SOME DAYS MY JOB WAS HARDER THAN OTHERS.
I tapped the ladder with my hand. "See? It's very sturdy, Mrs. McSweeney. You can come down now."
Mrs. McSweeney looked at me from the top of the telephone pole, having obvious doubts about the ladder's and my reliability. Thin, bird-boned, she had to be past seventy. The wind stirred the nimbus of fine white hair around her head and blew open her nightgown, presenting me with sights better left unseen.
"Mrs. McSweeney, I wish you would come down."
She arched her back and sucked in a deep breath. Not again. I sat on the ground and clamped my hands over my ears.
The wail cut through the stillness of the night, sharp like a knife. It hammered the windows of the apartment buildings, wringing a high-pitched hum from the glass. Down the street, dogs yowled as one, matching the cry with unnatural harmony. The lament built, swelling like an avalanche, until I could hear nothing but its complex, layered chorus: the lonely howl of a wolf, the forlorn shriek of a bird, the heart-wrenching cry of a child. She wailed and wailed, as if her heart were being torn out of her chest, filling me with despair.
The magic wave ended. One moment it saturated the world, giving potency to Mrs.
McSweeney's cry, and the next it vanished without warning, gone like a line drawn in the sand just before the surf licked it. The technology reasserted itself. The blue feylantern hanging from the top of the pole went dark, as the magic-charged air lost its potency. Electric lights came on in the apartment building.
It was called post-Shift resonance: magic drowned the world in a wave, snuffing out anything complex and technological, smothering car engines, jamming automatic weapons, and eroding tall buildings. Mages fired ice bolts, skyscrapers fell, and wards flared into life, keeping undesirables from my house. And then, just like that, the magic would vanish, leaving monsters in its wake. Nobody could predict when it would reappear and nobody could prevent it. All we could do was cope with an insane tarantella of magic and technology. That was why I carried a sword. It always worked.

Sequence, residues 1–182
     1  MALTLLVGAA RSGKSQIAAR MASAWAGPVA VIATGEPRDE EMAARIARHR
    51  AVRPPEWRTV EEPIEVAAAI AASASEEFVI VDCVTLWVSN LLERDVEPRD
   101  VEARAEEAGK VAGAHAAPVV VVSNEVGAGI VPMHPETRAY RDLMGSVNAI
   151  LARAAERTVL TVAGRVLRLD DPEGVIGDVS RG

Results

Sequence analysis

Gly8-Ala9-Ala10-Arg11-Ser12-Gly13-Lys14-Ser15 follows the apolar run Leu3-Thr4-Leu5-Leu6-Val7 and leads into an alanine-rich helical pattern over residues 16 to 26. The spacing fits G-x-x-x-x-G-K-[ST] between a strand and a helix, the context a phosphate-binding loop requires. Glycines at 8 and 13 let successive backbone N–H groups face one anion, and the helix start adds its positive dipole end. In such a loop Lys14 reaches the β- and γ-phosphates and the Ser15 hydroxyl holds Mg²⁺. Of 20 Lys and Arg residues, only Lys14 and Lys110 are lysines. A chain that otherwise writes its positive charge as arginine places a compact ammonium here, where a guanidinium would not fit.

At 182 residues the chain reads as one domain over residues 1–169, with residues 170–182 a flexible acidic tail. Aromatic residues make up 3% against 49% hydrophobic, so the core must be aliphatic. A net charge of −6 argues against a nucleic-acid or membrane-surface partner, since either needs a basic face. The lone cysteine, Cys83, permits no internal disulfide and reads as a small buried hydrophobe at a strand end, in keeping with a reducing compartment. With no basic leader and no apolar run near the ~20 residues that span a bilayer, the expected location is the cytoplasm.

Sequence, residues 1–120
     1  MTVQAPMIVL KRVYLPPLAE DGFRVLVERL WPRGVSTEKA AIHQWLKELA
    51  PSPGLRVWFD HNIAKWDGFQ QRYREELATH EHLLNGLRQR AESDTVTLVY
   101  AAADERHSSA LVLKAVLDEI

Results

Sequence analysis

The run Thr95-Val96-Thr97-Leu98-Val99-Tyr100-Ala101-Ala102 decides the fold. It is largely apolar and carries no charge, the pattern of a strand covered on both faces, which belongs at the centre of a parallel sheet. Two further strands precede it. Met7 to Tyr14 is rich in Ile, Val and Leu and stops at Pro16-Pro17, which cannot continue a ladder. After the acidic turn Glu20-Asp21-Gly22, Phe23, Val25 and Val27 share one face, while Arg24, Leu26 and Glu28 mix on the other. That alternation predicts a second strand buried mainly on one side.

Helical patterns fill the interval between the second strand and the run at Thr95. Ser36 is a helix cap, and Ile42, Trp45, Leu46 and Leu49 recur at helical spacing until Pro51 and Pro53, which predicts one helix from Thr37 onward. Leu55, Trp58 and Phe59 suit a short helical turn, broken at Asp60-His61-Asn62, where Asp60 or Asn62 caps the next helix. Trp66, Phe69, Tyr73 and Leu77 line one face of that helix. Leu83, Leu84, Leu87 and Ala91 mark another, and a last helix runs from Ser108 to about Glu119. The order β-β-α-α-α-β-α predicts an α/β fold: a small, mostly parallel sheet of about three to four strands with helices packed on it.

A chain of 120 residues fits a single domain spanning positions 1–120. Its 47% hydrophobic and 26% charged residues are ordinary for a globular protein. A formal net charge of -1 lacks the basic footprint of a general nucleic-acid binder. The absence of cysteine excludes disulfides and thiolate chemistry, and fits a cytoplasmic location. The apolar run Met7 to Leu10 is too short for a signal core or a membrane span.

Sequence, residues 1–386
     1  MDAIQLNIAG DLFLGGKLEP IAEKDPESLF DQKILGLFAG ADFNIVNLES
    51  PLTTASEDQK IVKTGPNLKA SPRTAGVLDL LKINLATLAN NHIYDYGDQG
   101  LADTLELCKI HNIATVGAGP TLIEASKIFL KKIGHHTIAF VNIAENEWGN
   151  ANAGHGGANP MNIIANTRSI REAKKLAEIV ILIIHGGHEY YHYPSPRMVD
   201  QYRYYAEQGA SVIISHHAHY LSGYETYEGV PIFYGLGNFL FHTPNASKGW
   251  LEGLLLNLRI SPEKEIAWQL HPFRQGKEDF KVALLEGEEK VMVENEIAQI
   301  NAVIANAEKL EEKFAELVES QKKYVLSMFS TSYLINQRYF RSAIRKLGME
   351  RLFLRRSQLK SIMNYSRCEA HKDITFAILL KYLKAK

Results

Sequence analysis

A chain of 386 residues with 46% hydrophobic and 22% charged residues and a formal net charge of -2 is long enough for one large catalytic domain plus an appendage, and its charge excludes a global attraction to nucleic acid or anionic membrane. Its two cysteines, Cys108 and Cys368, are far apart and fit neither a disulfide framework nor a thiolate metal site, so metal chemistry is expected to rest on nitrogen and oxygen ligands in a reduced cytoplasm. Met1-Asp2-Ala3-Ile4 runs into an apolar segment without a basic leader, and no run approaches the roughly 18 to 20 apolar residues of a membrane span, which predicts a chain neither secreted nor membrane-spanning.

The last echoes of the cry bounced from the brick walls and died.
Mrs. McSweeney stared at me with sad eyes. I picked myself off the ground and waved at her.
"I'll be right back."
I trotted into the dark entrance to the apartment, where five members of the McSweeney family crouched in the gloom. "Tell me again why you can't come out and help me?"
Robert McSweeney, a middle-aged, dark-eyed man with thinning brown hair, shook his head.
"Mom thinks we don't know she's a banshee. Look, Ms. Daniels, can you get her down or not? You're the knight of the Order, for Christ's sake."
First, I wasn't a knight; I just worked for the Order of Knights of Merciful Aid. Second, negotiation wasn't my forte. I killed things. Quickly and with much bloodshed. Getting elderly banshees in denial off telephone poles wasn't something I did often.
"Can you think of anything that might help me?"
Robert's wife, Melinda, sighed. "I don't . . . I mean, she always kept it so under wraps. We've heard her wail before but she was so discreet about it. This isn't normal for her."
An elderly black woman in a mumu descended the staircase. "Has that girl gotten Margie down yet?"
"I'm working on it," I told her.
"You tell her, she better not miss our bingo tomorrow night."